Assistance Foundation (LEAF) has legally challenged Class 1 UIC wells in the
United States advocating underground injection of waste doesn't lend itself
to pollution prevention.

"The EPA's UIC program is too easy a remedy when you have a disposal method
putting a hazardous waste problem out of sight and out of mind," says
Cynthia Valencic, Vice President for Programs at LEAF.

"We believe industry and municipalities should be looking for ways to reduce
production incorporating close loop systems and recycling as an alternative
for Class 1 UIC waste disposal," she says.

Regulatory officials and environmentalists admit the EPA's UIC program is
weakly enforced and poorly monitored.

"In many cases there isn't much monitoring of UIC wells for violations
except where a problem potential is expected (ie.Florida)," says Bruce
Kobelski, UIC Team Leader for the EPA Office of Ground Water and Drinking
Water.
(http://www.epa.gov/OGWDW/uic.html )

"There are roughly 600 Class 1 hazardous waste wells in the US, but we at
the EPA can't ban violating facilities because permits are in most cases a
regional state function," says Kobelski.

Corporations are required to report to the public specific Class 1 injection
releases and inventory under federal Toxic Release Inventory (TRI)
regulations.
http://www.epa.gov/opptintr/tri/whatis.htm

"But, there is nothing in TRI which requires monitoring of the wells," says
Paul Orum, coordinator of the not-for-profit Working Group on Community
Right to Know.
http://www.rtk.net

"CMA would like to see status quo for UIC regulations, but when you have a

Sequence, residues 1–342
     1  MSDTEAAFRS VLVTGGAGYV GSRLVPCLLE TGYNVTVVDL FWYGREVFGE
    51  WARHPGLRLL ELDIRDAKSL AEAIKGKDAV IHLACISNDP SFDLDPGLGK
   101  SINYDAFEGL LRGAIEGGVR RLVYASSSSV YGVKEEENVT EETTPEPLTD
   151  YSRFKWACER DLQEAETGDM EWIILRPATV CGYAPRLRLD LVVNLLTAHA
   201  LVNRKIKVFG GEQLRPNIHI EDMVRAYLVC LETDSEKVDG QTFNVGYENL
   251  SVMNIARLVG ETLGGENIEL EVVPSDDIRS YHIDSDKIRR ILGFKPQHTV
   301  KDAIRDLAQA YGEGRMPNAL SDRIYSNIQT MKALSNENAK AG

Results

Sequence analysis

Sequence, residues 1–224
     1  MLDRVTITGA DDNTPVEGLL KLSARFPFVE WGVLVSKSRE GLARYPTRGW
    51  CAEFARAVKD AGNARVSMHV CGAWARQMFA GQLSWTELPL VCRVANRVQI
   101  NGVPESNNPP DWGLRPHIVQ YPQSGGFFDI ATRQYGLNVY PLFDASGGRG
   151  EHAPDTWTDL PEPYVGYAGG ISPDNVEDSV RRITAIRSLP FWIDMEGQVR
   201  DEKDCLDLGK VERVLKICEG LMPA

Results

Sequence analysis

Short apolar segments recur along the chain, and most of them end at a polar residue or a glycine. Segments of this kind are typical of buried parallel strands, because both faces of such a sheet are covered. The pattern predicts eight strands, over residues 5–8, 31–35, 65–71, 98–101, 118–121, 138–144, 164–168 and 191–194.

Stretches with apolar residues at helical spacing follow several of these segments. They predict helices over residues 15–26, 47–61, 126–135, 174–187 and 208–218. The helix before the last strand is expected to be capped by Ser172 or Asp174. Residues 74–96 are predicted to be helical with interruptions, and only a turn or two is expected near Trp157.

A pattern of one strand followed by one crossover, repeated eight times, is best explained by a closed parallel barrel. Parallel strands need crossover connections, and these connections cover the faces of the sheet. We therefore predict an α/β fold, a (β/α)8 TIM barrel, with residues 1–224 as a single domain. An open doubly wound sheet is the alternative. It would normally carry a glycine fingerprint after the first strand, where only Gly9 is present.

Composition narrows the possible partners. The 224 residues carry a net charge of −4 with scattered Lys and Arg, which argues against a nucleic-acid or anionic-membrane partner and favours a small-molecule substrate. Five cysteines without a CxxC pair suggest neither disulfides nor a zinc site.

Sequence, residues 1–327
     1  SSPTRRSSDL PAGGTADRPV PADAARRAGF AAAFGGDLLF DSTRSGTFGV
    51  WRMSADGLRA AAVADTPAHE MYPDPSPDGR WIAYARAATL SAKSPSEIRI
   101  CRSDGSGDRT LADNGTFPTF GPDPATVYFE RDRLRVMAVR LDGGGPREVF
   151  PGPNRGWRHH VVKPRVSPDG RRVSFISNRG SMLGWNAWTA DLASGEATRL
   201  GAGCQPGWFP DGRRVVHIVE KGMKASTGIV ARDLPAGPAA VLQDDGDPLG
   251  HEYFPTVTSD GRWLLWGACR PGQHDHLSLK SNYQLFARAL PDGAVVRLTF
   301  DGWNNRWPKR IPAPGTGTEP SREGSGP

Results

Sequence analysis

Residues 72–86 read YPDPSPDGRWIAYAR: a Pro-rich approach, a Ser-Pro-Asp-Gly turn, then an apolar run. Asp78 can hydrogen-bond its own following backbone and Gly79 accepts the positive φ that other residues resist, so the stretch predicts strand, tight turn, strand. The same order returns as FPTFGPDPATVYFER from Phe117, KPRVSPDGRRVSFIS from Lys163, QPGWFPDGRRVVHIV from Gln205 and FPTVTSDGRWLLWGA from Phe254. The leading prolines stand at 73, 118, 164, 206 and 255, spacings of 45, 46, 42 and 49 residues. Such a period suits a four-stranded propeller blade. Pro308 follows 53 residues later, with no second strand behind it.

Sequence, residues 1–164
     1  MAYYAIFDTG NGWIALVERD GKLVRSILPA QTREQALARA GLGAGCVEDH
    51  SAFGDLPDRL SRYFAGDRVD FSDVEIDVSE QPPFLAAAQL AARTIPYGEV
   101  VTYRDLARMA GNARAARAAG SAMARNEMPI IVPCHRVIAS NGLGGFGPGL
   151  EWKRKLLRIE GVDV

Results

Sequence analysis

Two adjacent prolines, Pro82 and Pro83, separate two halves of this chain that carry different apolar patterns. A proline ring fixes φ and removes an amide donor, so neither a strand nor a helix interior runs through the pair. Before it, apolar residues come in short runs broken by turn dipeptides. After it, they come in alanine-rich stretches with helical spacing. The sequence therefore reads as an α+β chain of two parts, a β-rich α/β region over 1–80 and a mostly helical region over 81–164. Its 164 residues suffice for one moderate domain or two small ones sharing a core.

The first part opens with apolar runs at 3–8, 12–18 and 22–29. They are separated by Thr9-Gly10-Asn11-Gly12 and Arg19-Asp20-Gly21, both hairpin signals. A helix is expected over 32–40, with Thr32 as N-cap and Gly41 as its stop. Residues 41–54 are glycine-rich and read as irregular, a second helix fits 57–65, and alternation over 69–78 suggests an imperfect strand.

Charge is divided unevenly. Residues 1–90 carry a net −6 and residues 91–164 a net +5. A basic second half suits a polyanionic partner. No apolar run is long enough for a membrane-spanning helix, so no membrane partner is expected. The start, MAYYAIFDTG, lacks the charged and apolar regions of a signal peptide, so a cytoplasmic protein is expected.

Class 1 UIC well its very easy to dump everything down there and create a
disincentive to pollution prevention," he says.

(c)Donald Sutherland 1999


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<!DOCTYPE HTML PUBLIC "-//W3C//DTD W3 HTML//EN">
 
 
6/30/99
 
Here's my = big picture=20 report on the EPA's hazardous waste injection wells and the US Safe = Drinking=20 Water Act for your review.
 
I look forward to your=20 commentary.
 
Cheers,
Donald=20 Sutherland
Member of the Society of = Environmental=20 Journalists
donaldsutherla= nd-iso14000@worldnet.att.net
phone: = 508-497-3676
 
Hazardous = Underground=20 Injection Wells Stirs Controversy in Industry
By Donald=20 Sutherland
 
On the 25th = anniversary=20 of the Environmental Protection Agency's (EPA) hazardous waste = underground=20 injection control (UIC) program and the Safe Drinking Water Act industry = tensions are mounting on whether the two programs can coincide with each = other.
 
According to the = not-for-profit=20 Groundwater Protection Council, sixty percent of all liquid hazardous = waste that=20 are land disposed in the United States are injected underground via deep = Class 1=20 UIC injection wells, and most of the companies using hazardous waste = injection=20 wells are Fortune 500 companies. DuPont=20 alone injects over 1.5 billion gallons of hazardous waste per=20 year.
http://site.net )
 
These injection wells are primarily located in EPA Region 4, 5, = & 6=20 with the majority located in Texas, Florida, and = Louisiana.
 
"The Safe Drinking = Water Act=20 (SDWA) amendments in 1986 and 1996 have generated stricter Right-to-Know = Provisions driving stricter reporting requirements, and we have a = concern for=20 all potential pollution of source drinking water supplies," says = John H.=20 Sullivan, Deputy Executive Director of the American Water Works = Association=20 (AWWA) the world's largest organization of water supply professionals=20 representing 56,000 members, 4,000 utilities, and 200,000 public water = systems=20 serving 85% of the populations of Canada and the US.
(http://www.awwa.org )